MATHIAS CORMANN: 80 per cent of the measures in last year’s Budget have passed. We have made significant progress since then. We have put forward what we believe is a fair, responsible and balanced Budget and we believe it is the Budget that Australia needs right now. A Budget in the national interest. We will have the conversation now with the Senate and all parties represented in the parliament. We are looking to constructively engage with everyone and work together to take Australia forward.
SHANE: Some are winners. I like the fact that you’re giving some dividend to employees to get people over 50 who have been unemployed for six months. It’s very tough for somebody to get back into the workplace if they have been out for over six months and they are in their 50’s. They lose their self-esteem etcetera. You’re giving some kind of dividend to employees to get them back in the workplace.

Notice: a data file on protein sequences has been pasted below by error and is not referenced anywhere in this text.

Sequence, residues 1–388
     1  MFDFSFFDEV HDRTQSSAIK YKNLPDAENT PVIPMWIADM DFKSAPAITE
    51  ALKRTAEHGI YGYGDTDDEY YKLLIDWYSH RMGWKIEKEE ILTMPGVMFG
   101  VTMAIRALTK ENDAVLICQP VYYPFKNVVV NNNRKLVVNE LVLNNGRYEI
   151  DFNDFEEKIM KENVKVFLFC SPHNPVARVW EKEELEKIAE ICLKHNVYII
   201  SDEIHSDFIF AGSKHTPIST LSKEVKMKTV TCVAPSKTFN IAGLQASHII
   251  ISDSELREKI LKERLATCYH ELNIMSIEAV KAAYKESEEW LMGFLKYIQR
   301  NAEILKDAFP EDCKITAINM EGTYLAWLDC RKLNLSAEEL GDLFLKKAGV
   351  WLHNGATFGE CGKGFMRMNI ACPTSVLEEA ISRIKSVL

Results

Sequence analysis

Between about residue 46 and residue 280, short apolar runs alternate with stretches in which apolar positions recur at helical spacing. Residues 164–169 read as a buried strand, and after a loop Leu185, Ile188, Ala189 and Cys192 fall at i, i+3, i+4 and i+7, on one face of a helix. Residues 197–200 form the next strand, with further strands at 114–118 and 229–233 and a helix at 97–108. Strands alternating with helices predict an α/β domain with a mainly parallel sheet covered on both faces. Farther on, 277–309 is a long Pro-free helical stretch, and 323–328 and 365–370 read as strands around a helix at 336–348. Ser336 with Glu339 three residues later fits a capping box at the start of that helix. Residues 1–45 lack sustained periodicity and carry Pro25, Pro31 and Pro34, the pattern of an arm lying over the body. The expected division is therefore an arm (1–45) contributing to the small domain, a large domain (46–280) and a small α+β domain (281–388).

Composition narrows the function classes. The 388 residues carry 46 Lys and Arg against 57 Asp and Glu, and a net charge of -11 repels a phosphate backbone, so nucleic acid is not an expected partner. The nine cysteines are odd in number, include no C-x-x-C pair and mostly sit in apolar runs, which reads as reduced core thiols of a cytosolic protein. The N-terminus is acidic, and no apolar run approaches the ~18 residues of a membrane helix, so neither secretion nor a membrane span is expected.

MATHIAS CORMANN: Yes, that is exactly what we are trying to do. We are keen to ensure that people across Australia can work longer. We need Australians to work longer. We are ageing as a population, we are living longer and healthier which is a fantastic thing. But it is also important in that context that the mindset across Australia, across business, continues to adjust to that reality.
SHANE: I can tell you right now, the peanuts they’re paying me, I’m going to have to work until 80.
MATHIAS CORMANN: I’m sure you’ll enjoy every minute of it.
SHANE: I love it in here.
KYMBA: Let’s sum it up by saying if you pay peanuts you get monkeys. Thanks Minister Cormann, have a good day. Good luck with the sales.
MATHIAS CORMANN: Thank you.